Cables length ?

My speakers are at different distance form the amp, one is 14" and an other 4". Do I need to buy 28" cables (2 cable, each 14 ") or I can just buy 18" according to the distance of each speaker to the amp?
My understanding is that the length of the cables should be the same if possible. If not, the difference should be no greater than %10. If you must use a longer cable than needed on the closer speaker, wind the excess cable loosely.
I believe the cables should be the same. It is a timing issue. Also the length of the cables can slightly affect the sound itself, so you could end up where the two speakers sound different even in mono.
I have heard that it is not a timing issue, but an issue of impedance affecting the quality of the sound. The sound will not be the same due to different impedance in the two speakers. The timing is not really a factor because the signal travels through the cable at a significant factor of the speed of light, whereas it travels through the air (i.e. from the speaker to your ear)at the speed of sound. Thus, moving the speaker a few inches, or tilting your head, makes more of a timing difference than thousands of feet of cable. However, because impedance builds over length, the cables should be at least nearly equal for the two speakers to sound the same.
For all practical purposes, it would be best if your cables were appr. the same length. As mentioned above, impedance can play a part in this equation for sure. As such, "coiling" can increase inductance, so you best bet would be to loosely "snake" it back and forth if this is convenient. I don't know if "timing" (referred to as "velocity factor") is actually something to worry about at audio frequencies. While this can become quite critical in RF gear, i have never studied or checked into this with stereo equipment. As such, i'll see what i can find out and report back in a thread here. Sean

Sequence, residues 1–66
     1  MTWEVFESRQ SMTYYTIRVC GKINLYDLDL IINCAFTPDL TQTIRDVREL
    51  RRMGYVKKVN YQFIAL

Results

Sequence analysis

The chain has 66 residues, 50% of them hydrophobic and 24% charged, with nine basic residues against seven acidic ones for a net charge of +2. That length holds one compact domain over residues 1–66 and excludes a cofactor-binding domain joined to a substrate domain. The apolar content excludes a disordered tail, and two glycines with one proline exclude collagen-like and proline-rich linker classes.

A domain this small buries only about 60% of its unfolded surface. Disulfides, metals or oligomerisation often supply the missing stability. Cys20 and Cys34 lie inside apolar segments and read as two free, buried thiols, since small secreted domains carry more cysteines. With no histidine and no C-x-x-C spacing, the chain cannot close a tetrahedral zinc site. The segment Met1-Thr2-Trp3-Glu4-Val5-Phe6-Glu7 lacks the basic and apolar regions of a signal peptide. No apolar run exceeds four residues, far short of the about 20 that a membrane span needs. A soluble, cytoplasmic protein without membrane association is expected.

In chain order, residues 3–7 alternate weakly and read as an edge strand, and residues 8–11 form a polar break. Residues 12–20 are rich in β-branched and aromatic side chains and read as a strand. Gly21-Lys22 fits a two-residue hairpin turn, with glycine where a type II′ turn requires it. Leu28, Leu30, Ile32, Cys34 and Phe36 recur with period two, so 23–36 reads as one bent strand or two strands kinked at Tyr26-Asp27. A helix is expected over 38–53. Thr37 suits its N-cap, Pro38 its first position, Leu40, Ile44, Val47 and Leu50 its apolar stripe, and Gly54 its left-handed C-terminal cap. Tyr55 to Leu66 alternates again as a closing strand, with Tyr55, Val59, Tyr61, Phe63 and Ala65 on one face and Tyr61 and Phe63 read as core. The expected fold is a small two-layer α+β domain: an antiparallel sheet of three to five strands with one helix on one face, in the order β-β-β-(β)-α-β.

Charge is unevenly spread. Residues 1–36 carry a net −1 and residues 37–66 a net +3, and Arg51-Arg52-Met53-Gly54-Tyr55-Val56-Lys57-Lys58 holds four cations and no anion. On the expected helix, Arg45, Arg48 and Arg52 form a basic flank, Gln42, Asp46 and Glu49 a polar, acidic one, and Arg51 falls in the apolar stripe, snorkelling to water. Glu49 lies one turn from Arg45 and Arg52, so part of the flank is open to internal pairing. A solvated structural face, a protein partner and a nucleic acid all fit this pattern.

Timing is definitely not a problem, as Dbw1 notes. If you've got a really high-resistance cable, then impedance could be a factor. But if you've got a really high-resistance cable, you need to get a different cable.
One other reason to buy cables of equal length--resale value if you want to upgrade down the road. You won't find many buyers for different length cables--and if you do the price will probably be very low.
Do you mean inches (") or feet (')?? As Dbw and Jostler say, timing is not an issue. Try figuring out how long it would take a signal to travel 14 feet at say half the speed of light.

But the load seen by each side of your amplifier may differ if the lengths are too disparate. I'm not an engineer but I came away from a long explanation given to me at a show by a well known designer of very popular cables concluding that anything closer than 2:1 is probably ok, and 1.5:1 is definetely safe. So I wouldnt go with 14 ft and 4 ft. Id make the shorter one longer, say 10 feet at least. And then, if you're going to go that far, why not make them the same length so you can sell them if you need/want to. As Abstract says, unequal length cables are hard to sell.

There are several cable makers who say different lengths are fine. And one high volume dealer in Nordosts once told me that neither he nor any of his well-eared (and heeled) customers could tell the difference in sound between a one meter and a five meter length of Blue Heaven speaker cable paired with 5 meters on the other side.